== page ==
Current Address: Department of Pharmaceutical Sciences, Albany College of Pharmacy and Health Sciences, Albany, NY 12208, USA.
Modulation of Opioid Receptor Ligand Affinity and Efficacy Using Active and Inactive State Receptor Models
Article first published online: 12 SEP 2012
© 2012 John Wiley & Sons A/S
Chemical Biology & Drug Design
Volume 80, Issue 5, pages 763–770, November 2012
How to Cite
Anand, J. P., Purington, L. C., Pogozheva, I. D., Traynor, J. R. and Mosberg, H. I. (2012), Modulation of Opioid Receptor Ligand Affinity and Efficacy Using Active and Inactive State Receptor Models. Chemical Biology & Drug Design, 80: 763–770. doi: 10.1111/cbdd.12014
- Issue published online: 5 OCT 2012
- Article first published online: 12 SEP 2012
- Accepted manuscript online: 7 AUG 2012 09:40AM EST
- Received 10 May 2012, revised 22 July 2012 and accepted for publication 2 August 2012
- delta opioid receptor;
- G protein-coupled receptors;
- mixed efficacy ligand;
- mu opioid receptor;
- structure-based design
Mu opioid receptor (MOR) agonists are widely used for the treatment of pain; however, chronic use results in the development of tolerance and dependence. It has been demonstrated that coadministration of a MOR agonist with a delta opioid receptor (DOR) antagonist maintains the analgesia associated with MOR agonists, but with reduced negative side-effects. Using our newly refined opioid receptor models for structure-based ligand design, we have synthesized several pentapeptides with tailored affinity and efficacy profiles. In particular, we have obtained pentapeptides 8, Tyr-c(S-S)[DCys-1Nal-Nle-Cys]NH2, and 12, Tyr-c(S-S)[DCys-1Nal-Nle-Cys]OH, which demonstrates high affinity and full agonist behavior at MOR, high affinity but very low efficacy for DOR, and minimal affinity for the kappa opioid receptor (KOR). Functional properties of these peptides as MOR agonists/DOR antagonists lacking undesired KOR activity make them promising candidates for future in vivo studies of MOR/DOR interactions. Subtle structural variation of 12, by substituting D-Cys5 for L-Cys5, generated analog 13, which maintains low nanomolar MOR and DOR affinity, but which displays no efficacy at either receptor. These results demonstrate the power and utility of accurate receptor models for structure-based ligand design, as well as the profound sensitivity of ligand function on its structure.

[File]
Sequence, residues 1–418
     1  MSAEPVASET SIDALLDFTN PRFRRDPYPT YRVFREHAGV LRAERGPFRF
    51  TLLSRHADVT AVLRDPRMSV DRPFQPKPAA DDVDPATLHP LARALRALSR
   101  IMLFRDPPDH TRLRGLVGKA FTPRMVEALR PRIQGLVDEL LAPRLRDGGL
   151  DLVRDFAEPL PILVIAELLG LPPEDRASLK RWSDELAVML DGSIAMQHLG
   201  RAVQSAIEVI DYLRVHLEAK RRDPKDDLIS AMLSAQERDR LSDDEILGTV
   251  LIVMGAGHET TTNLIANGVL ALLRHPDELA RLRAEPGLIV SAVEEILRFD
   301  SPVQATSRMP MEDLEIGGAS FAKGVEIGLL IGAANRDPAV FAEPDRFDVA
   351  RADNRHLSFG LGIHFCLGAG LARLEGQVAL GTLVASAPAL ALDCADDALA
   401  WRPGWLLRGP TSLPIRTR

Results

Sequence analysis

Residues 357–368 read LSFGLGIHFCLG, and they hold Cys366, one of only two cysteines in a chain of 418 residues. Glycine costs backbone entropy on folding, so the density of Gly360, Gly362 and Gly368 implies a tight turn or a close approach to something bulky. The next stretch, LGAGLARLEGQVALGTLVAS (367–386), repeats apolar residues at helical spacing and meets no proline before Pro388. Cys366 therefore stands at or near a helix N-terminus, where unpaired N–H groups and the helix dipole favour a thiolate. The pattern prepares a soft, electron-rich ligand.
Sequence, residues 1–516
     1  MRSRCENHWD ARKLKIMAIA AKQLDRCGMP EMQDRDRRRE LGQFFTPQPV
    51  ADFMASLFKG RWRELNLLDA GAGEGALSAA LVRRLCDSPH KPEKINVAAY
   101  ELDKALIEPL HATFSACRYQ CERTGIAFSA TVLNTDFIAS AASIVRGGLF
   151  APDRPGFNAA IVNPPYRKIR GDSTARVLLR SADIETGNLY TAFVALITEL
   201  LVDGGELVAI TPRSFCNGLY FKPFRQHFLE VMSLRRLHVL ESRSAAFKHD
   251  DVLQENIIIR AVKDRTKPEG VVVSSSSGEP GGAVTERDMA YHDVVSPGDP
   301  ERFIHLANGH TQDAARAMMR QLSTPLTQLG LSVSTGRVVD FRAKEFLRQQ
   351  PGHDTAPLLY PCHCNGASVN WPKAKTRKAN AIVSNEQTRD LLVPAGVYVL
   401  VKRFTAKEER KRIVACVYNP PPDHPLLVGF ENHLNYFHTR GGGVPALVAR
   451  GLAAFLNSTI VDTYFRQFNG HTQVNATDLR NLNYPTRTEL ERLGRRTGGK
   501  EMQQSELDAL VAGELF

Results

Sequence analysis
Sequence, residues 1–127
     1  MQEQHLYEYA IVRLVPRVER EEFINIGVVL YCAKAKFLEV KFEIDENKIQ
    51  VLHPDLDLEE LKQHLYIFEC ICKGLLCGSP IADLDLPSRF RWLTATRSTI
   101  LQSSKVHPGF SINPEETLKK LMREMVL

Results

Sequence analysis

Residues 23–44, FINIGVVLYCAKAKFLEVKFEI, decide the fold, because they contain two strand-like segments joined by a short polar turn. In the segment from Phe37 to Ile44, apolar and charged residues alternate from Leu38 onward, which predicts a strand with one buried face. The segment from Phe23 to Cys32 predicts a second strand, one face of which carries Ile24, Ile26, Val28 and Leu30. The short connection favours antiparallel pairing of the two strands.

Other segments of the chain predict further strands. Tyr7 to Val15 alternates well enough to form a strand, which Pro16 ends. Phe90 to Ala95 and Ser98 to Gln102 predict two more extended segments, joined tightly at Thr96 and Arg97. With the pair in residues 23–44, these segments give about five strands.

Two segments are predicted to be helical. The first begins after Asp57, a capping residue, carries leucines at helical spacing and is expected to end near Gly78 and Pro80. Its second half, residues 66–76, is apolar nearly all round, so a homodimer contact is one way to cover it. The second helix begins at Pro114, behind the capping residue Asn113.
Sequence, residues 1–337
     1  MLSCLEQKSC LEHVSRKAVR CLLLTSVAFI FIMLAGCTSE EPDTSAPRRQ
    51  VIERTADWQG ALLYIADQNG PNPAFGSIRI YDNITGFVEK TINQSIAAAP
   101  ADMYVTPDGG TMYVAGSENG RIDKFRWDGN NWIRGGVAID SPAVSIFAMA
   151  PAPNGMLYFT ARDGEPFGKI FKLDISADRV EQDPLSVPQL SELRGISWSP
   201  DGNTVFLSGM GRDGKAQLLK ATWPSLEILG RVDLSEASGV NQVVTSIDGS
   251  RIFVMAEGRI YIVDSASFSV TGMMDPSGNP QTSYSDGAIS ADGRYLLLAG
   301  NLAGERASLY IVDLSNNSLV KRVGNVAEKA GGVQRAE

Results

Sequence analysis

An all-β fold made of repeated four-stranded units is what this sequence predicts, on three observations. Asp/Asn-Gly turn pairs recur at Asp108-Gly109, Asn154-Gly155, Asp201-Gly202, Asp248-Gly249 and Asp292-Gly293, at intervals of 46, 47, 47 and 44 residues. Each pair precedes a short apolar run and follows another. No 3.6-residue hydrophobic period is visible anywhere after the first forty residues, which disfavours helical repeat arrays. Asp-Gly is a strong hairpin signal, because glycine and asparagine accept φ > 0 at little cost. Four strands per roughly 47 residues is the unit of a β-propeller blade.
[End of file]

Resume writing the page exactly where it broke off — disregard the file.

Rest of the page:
The recognition that a specific receptor often plays a pivotal role in a disease state shifted the drug discovery paradigm toward a ‘one disease, one target’ approach. The driving force behind this shift was the idea that the more specific a drug, the fewer negative side-effects it will elicit. Recently, however, it has been recognized that the simultaneous modulation of multiple targets may generate a more desirable drug profile, in some cases even reducing the development of negative side-effects (1,2). This concept is illustrated in the field of opioid analgesics, where the coadministration of a mu opioid receptor (MOR) agonist with a delta opioid receptor (DOR) antagonist provides all the expected analgesia of a MOR agonist, but with reduced negative side-effects, such as constipation and respiratory depression, and more interestingly, reduced tolerance and dependence liabilities (3–7), features that limit the clinical use of opioid analgesics (8).